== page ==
Simply Lock ‘Em Out

The final link in your security chain is the padlock. “Most operators opt for lumping locks with boxes, tape and other retail products to sell for a profit. Locks are not an ancillary product,” says Frank Minnella, president of Lock America Inc. “Security is a necessity, and you cannot market or provide it without a high-security lock system. Lock systems are not a choice to leave with the renter, any more than the option for a door alarm or security camera. The ‘your lock, your key’ school of selfstorage security is like a hotel asking you to provide your own room lock and key,” he says.

A cheap padlock, whether you sell it or the renter provides it, signals to everyone at your facility that you are not serious about security. Fortunately, there are inexpensive but effective alternatives, such as genuine masterkey lock-and-latch systems, tubular key locks, locks with a built-in overlock, and padlocks with additional key schemes.

The majority of locks used in the industry can be best described as low-level security. The world-famous MIT Guide to Lock Picking, by Theodore T. Tool, identifies how vulnerable they are in its first three sentences. “The big secret of lock-picking is that it’s easy. Anyone can learn how to pick locks. The theory of lock-picking is the theory of exploiting mechanical defects.” The cheaper the lock, the more mechanical defects there are to exploit.

And if a written guide weren’t enough, there are lock-picking tools available for purchase. For example, it is no great step for criminals to buy the following padlock opener advertised on the Internet:

This famous SNAP GUN was originally designed for law-enforcement agencies and police officers who were not skilled in the art of lock-picking to open locks with minimal instruction. Rather than opening locks by the traditional raking techniques, a snap gun uses a primary law of physics—the transfer of energy—to compromise locks. It comes with stainless-steel picking needles, tension tool and instructions. Price: £65.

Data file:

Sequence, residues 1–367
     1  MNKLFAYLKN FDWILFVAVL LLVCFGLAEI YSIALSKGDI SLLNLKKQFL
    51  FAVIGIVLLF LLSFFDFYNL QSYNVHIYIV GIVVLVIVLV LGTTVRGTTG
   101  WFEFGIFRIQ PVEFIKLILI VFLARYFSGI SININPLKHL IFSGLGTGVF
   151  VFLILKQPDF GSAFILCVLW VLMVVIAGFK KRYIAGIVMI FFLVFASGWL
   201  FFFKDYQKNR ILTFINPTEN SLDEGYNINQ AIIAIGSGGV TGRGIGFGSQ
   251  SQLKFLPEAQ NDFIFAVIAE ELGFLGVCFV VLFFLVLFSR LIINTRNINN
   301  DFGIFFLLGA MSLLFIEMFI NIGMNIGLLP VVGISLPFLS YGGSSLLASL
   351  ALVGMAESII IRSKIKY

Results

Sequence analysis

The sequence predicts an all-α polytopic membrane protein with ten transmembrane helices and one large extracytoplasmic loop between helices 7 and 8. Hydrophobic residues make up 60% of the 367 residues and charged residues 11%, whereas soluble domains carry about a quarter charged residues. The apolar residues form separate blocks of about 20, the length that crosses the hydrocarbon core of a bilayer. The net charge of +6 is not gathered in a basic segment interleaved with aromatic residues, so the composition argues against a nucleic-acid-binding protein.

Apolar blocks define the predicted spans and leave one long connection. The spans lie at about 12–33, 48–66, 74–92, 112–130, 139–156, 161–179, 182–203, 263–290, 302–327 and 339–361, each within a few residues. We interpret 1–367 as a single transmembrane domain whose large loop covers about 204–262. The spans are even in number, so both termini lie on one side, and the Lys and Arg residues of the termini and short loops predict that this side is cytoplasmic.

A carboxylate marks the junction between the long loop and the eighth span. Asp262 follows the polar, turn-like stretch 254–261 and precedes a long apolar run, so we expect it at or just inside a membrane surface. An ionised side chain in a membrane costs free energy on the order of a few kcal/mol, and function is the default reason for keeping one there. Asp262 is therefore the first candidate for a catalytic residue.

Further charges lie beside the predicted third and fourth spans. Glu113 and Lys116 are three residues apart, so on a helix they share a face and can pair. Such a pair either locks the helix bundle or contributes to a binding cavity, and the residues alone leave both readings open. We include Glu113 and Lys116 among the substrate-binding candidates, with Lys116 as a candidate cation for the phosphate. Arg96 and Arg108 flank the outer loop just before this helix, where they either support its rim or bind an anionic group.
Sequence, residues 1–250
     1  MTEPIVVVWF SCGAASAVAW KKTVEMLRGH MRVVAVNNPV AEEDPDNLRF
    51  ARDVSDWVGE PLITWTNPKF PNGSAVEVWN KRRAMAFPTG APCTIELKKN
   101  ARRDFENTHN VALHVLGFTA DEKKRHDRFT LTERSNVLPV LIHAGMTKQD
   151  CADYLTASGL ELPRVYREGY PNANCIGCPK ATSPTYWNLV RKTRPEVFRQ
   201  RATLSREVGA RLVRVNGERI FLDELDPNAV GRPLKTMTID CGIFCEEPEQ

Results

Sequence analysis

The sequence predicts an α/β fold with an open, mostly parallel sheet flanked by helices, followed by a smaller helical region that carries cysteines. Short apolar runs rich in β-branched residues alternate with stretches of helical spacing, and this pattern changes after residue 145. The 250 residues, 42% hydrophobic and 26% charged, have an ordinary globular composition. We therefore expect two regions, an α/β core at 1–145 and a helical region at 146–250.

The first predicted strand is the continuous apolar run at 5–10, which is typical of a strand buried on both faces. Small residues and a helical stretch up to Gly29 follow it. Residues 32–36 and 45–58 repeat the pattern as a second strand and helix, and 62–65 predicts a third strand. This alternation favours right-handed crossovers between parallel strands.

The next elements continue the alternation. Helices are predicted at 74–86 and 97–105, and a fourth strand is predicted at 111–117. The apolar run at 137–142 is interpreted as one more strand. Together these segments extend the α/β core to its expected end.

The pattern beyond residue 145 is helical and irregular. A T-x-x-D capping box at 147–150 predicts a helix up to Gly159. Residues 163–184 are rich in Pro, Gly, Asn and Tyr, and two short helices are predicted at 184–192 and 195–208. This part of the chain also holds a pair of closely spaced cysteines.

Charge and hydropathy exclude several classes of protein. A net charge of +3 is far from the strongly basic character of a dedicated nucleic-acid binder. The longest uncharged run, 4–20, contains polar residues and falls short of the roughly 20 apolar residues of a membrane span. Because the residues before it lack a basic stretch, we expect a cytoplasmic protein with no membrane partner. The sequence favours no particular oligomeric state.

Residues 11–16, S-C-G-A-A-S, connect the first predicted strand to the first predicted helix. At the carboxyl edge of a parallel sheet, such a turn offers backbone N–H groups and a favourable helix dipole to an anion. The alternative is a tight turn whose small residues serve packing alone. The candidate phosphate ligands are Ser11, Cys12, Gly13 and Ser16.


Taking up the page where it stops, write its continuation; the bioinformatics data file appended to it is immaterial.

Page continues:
Confidence in the security of self-storage facilities currently runs high, with considerable reliance on CCTV and alarm systems. However, as Lock America’s vice president of sales, Christopher Shope, points out, “The United States used to be lax when it came to storage security until criminals realized the potential.” European and U.K. criminals are no less intelligent.

The message you need to send potential customers, whether legitimate or criminal, is you are in charge of security. Show it with the security systems you employ. You cannot risk criminals being smarter than you and allowing the press to tell your customers—and your investors—they have duped you. Get smart and seek advice from self-storage security professionals.

Brian Bevis, with a wealth of experience in customer service and a background in engineering, is leading the entry of Lock America Inc. (d/b/a L.A.I. Group) to the European market. L.A.I. manufactures a full line of high-security locks, latches, cylinder locking systems and many other custom security products for the self-storage industry. Mr. Bevis can be reached at (0)1202 479 030; e-mail [email protected].

Subscribe to Our Weekly Newsletter
ISS is the most comprehensive source for self-storage news, feature stories, videos and more.

You May Also Like